Whitepapers have become immensely popular in the B2B world. As content marketing gains traction, there’s an increased focus on longer form content – most prominently eBooks and whitepapers. Sixty-one percent of B2B brands utilize whitepapers as part of their content marketing strategy.

Just about everybody wants them.

Just about everybody says they’re important.

Just about everybody in marketing says they can deliver them for their clients.

And just about everybody means something different when they say “whitepaper.”

So, what is a whitepaper, and just as importantly, what isn’t it?

Whitepapers have been around for almost 100 years, apparently emanating from British government as an in-depth memo on a policy issue. Different organizations use them in different ways, but let’s take a look at what a whitepaper is not:  A whitepaper is not a wordy sales brochure – something’s that too salesy is not going to resonate with the audience; it won’t be credible. Think of a Harvard Business Review article.

(Important note – some people will disagree with this. The definition of a whitepaper is very broad in some people’s minds; so if you want to disagree with this narrower definition, feel free. But generally speaking, you’re writing something that isn’t flogging your product or service.)

Let’s start with the point where we should always start – the audience. Who reads whitepapers? After all, if nobody actually reads them, what good are they? A well done whitepaper is way too much work for no one to read it. But they are read – generally by people looking to educate themselves on a particular topic, whether they’re investigating an emerging concept, contemplating a significant purchase, or trying to stay informed on a particularly complex topic. In other words, businesspeople trying to stay one step ahead of the competition.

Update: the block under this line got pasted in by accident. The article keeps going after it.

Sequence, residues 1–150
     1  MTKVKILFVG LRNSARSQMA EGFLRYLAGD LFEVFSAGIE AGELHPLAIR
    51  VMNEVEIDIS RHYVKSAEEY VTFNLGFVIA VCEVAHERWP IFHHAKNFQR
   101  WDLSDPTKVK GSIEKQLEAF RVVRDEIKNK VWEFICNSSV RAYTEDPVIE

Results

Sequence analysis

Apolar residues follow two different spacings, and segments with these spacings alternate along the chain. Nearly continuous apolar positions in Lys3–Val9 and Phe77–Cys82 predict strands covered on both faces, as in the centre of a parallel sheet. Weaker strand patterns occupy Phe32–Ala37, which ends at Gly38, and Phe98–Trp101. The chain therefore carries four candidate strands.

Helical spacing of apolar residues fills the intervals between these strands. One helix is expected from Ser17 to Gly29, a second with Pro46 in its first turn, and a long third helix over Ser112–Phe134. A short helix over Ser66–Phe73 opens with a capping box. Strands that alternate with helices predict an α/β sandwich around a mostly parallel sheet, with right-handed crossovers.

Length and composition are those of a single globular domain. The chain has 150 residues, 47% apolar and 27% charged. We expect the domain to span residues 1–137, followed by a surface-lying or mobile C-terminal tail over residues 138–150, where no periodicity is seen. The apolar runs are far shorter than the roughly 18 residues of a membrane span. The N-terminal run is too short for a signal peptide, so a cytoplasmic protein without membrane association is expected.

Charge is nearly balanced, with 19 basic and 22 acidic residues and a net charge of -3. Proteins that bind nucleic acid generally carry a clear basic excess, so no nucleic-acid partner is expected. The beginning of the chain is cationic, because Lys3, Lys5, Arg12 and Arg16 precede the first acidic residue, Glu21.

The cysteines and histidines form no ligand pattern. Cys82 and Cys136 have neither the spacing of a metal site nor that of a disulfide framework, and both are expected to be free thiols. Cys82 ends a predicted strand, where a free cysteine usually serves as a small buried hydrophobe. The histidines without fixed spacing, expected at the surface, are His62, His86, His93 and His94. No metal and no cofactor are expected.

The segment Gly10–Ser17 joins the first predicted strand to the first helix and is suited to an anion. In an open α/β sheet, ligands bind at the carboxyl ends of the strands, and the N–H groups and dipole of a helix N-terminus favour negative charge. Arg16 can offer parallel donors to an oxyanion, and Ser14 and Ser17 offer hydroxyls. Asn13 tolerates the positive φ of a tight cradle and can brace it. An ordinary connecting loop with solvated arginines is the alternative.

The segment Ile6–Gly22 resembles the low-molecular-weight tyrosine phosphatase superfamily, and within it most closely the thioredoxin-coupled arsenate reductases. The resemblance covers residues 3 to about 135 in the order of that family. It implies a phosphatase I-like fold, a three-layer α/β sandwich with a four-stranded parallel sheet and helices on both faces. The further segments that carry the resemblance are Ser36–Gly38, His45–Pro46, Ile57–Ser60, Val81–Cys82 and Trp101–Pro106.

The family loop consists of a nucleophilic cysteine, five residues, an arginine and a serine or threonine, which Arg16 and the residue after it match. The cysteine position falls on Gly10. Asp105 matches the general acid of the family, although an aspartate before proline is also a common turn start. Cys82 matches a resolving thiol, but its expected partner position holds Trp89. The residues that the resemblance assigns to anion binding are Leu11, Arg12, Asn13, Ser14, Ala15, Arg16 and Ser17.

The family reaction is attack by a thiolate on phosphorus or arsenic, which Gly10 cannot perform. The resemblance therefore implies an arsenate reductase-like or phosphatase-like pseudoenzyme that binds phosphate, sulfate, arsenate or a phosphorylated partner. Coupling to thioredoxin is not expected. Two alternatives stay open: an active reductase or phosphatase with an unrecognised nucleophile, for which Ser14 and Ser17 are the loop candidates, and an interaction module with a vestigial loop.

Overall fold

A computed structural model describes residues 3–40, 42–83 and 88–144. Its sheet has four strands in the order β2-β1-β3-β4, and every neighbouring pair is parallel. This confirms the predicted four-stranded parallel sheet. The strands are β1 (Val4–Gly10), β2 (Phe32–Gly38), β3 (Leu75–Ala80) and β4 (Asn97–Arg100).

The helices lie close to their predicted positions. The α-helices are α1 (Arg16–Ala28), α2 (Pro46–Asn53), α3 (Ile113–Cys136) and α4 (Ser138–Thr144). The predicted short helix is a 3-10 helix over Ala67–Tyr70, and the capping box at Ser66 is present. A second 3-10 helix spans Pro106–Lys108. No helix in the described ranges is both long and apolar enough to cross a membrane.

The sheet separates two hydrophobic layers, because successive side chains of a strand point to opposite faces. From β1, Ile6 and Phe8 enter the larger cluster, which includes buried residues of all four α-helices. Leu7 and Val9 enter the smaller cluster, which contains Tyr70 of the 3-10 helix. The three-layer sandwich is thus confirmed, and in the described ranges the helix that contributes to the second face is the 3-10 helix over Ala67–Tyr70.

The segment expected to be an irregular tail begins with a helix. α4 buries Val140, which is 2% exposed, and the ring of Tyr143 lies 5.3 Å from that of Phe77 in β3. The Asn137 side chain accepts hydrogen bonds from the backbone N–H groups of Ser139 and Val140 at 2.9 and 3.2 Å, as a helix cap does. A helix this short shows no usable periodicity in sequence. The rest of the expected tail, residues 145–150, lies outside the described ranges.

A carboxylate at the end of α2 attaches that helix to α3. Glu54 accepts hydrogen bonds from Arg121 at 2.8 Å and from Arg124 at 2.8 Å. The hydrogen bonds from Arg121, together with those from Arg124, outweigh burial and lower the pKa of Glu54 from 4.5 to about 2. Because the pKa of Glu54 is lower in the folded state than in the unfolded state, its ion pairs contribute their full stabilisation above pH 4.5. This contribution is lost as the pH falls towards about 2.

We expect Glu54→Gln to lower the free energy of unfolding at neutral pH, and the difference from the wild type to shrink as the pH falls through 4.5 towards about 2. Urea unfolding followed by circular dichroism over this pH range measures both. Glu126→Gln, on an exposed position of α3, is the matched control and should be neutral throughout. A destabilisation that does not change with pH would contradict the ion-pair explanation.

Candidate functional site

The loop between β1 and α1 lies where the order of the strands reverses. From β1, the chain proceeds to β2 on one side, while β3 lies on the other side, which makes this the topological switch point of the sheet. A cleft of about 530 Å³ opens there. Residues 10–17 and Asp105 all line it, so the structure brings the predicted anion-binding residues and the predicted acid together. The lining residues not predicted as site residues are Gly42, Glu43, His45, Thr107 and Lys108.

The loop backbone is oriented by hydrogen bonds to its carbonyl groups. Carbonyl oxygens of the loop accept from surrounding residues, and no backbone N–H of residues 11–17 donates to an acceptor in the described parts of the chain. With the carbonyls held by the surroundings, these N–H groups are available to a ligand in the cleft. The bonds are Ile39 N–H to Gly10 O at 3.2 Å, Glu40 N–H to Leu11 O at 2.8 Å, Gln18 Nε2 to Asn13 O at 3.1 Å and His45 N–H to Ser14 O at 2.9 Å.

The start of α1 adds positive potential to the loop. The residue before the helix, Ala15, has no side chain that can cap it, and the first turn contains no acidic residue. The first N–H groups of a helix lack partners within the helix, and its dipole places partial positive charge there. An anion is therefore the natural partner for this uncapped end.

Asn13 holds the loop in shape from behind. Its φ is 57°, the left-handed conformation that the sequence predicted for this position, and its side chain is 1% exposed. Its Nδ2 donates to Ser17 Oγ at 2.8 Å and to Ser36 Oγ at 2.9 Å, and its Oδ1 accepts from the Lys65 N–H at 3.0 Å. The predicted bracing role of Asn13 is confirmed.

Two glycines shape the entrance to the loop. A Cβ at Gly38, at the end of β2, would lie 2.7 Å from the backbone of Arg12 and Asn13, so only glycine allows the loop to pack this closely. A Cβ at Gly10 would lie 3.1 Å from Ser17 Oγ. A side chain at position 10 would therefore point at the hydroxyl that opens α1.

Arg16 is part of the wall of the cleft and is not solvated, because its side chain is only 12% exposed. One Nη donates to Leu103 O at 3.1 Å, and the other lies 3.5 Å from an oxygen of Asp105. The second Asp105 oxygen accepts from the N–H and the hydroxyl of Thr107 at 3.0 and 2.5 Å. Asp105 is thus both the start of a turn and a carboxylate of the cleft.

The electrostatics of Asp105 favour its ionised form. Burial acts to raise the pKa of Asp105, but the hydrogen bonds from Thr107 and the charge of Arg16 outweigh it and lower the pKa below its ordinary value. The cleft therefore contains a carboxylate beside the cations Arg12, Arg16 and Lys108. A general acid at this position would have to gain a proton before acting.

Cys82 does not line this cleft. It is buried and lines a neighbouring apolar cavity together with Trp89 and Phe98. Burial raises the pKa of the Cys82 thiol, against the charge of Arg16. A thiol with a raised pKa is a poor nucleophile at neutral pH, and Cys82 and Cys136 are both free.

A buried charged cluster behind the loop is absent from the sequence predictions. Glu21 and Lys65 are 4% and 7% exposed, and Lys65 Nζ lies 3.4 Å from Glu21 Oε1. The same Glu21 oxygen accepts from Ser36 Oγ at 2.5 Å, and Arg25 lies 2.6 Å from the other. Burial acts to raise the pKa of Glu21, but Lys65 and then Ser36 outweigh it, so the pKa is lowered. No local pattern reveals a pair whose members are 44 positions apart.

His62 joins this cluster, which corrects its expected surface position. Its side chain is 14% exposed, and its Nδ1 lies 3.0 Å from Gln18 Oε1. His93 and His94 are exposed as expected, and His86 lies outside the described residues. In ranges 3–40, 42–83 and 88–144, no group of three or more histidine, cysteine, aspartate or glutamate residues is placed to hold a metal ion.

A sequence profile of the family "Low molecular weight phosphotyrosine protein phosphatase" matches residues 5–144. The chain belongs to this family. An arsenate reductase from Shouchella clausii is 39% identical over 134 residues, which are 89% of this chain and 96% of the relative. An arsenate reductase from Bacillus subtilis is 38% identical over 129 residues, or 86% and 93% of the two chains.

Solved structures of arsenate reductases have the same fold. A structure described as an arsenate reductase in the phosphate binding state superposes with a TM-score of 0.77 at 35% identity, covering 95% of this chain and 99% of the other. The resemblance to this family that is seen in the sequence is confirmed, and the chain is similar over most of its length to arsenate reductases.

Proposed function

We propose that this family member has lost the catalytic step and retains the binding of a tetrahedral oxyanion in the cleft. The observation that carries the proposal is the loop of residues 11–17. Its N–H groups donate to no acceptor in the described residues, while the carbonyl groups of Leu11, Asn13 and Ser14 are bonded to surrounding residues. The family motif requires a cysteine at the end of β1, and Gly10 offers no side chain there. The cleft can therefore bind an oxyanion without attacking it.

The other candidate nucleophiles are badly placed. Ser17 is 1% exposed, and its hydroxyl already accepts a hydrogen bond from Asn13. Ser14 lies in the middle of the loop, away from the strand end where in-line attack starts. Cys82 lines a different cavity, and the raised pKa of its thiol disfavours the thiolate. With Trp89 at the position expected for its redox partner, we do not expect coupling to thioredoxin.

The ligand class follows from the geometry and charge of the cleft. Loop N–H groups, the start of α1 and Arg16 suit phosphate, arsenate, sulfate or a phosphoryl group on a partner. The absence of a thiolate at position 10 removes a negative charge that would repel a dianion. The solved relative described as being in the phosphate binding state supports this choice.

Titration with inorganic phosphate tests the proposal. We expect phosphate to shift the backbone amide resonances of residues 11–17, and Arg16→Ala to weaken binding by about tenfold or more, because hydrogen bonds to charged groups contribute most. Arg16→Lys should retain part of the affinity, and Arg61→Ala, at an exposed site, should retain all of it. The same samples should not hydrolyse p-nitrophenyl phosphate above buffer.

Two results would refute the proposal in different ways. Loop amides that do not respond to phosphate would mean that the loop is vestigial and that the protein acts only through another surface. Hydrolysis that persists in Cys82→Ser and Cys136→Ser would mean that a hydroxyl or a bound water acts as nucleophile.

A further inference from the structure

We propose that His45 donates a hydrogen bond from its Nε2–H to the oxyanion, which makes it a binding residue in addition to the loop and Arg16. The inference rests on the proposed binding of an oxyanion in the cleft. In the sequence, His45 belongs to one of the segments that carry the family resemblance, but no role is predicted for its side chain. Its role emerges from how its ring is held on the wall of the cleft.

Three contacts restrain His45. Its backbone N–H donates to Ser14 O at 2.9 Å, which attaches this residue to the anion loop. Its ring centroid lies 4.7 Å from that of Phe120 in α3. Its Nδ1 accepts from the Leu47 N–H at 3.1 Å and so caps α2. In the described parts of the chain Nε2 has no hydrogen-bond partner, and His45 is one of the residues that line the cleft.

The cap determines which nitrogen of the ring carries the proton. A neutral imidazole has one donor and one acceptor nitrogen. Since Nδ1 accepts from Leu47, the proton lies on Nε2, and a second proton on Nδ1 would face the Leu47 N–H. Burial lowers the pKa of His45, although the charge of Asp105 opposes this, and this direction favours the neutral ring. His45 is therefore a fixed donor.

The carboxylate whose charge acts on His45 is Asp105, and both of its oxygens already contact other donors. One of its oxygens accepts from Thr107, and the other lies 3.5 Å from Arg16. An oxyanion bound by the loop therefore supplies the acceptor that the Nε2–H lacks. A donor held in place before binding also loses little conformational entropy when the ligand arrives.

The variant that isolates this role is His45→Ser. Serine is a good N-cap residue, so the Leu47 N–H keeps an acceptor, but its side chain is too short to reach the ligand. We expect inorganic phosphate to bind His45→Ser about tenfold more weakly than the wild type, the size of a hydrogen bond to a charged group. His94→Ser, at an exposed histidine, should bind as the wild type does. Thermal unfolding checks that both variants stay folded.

Here are the key characteristics of a whitepaper:

Authoritative

A whitepaper must use logic to stake out a unique position in order to help readers understand an issue, solve a problem, or do their jobs better. This can include explaining a certain product, service, technology or methodology.

Well-researched and fact-based

Whether based upon primary or secondary research, a whitepaper should not be based purely in opinion; a whitepaper based upon primary and secondary research will be far more valuable to the audience.  It should appeal more to logic through irrefutable facts and statistics and iron-clad logic.

In-depth

The whitepaper should explore a given topic, no matter how narrow, in its totality. Generally speaking, the whitepaper should be between 2-thousand and 3-thousand words. Some whitepapers can be much longer, but now we’re starting to wonder why you can’t write more concisely, or didn’t sign a contract to publish a book.

Well-written

Of course.